“I believe this is a blatant abuse of power and must be resisted at every level of society.” (Individual)

“This has nothing to do with public health. It is about control, avoiding scrutiny in parliament and ruling by decree. It is authoritarian.” (Individual)

“Enacting a law of this kind is a step toward or actual confirmation of totalitarian dictatorship ruling by decree.” (Individual)

Emergency powers should not be made permanent

Respondents reiterated that the original legislation and the powers it conferred were only temporary to deal with the challenges created by the pandemic. As such, there were calls for the temporary powers to end and not be extended or made permanent.

“We were promised that these temporary powers would be removed when this emergency was over. To make these powers permanent is a total betrayal of the promise.” (Individual)

“The pandemic was an emergency situation and should be treated as such. These powers are not required on a permanent basis.” (Individual)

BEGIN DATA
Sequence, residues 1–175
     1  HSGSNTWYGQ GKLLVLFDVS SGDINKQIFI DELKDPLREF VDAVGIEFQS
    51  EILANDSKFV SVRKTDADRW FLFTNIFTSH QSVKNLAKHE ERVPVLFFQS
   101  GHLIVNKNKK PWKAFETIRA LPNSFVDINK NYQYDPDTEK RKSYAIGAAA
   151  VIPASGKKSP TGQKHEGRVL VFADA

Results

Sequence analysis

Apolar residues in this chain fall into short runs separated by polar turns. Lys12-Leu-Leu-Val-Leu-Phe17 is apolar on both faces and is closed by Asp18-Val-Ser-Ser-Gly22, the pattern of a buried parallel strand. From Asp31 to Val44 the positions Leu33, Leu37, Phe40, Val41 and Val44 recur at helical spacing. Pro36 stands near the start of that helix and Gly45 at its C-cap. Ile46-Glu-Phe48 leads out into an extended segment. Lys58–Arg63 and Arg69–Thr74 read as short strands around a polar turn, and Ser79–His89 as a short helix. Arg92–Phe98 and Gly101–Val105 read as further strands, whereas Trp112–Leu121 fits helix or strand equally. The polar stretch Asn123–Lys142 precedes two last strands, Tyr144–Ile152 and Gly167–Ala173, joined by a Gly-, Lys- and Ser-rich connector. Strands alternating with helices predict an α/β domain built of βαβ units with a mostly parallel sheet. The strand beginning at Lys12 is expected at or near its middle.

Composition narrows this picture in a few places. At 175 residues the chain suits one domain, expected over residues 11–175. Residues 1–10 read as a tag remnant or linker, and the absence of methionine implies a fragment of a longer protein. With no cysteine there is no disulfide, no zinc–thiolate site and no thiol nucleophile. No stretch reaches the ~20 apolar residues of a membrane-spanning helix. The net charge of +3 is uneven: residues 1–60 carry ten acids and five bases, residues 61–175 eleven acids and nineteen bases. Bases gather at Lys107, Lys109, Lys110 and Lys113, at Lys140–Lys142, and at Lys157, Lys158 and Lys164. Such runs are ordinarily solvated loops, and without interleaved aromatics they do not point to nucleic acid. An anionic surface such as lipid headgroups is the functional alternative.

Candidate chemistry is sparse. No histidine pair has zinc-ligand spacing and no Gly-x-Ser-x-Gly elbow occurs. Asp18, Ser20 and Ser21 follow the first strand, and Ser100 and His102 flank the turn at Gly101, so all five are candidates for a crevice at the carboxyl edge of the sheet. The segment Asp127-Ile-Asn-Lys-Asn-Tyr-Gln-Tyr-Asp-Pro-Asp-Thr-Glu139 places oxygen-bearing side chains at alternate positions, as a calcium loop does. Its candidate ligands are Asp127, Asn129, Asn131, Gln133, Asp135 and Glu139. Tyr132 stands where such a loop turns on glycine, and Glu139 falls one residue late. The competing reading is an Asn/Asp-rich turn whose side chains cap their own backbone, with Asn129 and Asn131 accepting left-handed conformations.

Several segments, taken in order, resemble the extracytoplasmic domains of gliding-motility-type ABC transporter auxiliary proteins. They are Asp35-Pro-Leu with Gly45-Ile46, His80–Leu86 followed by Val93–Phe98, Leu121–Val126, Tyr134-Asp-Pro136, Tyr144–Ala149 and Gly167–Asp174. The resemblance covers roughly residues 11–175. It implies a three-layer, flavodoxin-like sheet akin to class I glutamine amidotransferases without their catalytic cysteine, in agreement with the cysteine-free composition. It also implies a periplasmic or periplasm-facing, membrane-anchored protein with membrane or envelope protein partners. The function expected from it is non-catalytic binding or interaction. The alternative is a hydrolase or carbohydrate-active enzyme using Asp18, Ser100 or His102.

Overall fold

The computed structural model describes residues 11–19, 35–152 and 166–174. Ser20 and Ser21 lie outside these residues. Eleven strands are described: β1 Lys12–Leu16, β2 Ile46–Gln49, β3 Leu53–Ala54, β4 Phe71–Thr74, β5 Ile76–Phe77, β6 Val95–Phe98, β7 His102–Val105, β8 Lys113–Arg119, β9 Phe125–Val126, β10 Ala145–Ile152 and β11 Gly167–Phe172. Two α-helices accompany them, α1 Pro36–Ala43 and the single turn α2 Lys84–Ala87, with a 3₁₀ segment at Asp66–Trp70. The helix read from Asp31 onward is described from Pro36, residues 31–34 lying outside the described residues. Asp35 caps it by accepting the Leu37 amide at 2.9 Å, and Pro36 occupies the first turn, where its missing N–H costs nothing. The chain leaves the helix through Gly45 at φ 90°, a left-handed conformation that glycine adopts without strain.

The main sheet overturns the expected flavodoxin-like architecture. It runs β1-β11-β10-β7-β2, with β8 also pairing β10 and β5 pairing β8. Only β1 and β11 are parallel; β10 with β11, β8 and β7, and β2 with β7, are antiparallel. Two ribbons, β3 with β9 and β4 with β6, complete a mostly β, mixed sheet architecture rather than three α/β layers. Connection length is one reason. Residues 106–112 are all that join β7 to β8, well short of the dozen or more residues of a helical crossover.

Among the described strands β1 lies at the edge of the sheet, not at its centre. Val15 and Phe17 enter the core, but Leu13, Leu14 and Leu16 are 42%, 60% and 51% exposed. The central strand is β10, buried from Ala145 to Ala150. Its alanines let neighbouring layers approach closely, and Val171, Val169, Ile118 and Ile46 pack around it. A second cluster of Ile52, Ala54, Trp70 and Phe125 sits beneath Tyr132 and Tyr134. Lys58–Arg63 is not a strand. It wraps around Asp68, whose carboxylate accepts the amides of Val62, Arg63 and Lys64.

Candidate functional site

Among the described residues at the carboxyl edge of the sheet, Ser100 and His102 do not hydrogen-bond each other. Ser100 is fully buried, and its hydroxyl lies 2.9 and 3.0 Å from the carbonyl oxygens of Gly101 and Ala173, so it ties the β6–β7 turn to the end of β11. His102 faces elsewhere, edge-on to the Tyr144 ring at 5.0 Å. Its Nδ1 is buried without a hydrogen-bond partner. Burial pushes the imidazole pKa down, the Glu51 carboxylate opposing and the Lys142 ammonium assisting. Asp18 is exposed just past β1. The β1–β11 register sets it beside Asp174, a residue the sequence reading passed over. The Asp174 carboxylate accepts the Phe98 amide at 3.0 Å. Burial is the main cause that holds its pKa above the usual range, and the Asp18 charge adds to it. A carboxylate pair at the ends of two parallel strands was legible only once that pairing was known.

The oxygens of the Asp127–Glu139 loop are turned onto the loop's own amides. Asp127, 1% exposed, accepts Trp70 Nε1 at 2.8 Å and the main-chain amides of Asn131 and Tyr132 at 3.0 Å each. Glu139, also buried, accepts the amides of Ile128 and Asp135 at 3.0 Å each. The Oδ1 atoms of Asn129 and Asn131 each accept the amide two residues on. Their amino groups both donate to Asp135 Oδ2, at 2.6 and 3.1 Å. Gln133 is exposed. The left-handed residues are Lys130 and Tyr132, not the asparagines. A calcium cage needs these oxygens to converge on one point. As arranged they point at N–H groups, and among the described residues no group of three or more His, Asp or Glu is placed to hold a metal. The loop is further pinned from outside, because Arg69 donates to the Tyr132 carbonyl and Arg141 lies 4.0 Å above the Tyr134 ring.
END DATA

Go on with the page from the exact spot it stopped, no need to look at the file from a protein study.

Should be voted on

Another theme was that the temporary powers should not simply be extended without some form of scrutiny. The discussion of options for scrutiny varied, but typically included a vote in the Scottish Parliament, by consultation, or a vote among the general public.

Return to normal

Calls for Scotland to return to normal was a consistent theme. Most of these statements asked for a return to life as it was before the pandemic; people felt they should be able to move on and make their own decisions. A few respondents gave more detail, for example suggesting the end to restrictions. A very small number noted that there was value in continuing to protect vulnerable groups.

“We need to move on in life and return to a normal way of life before even that is forgotten.” (Individual)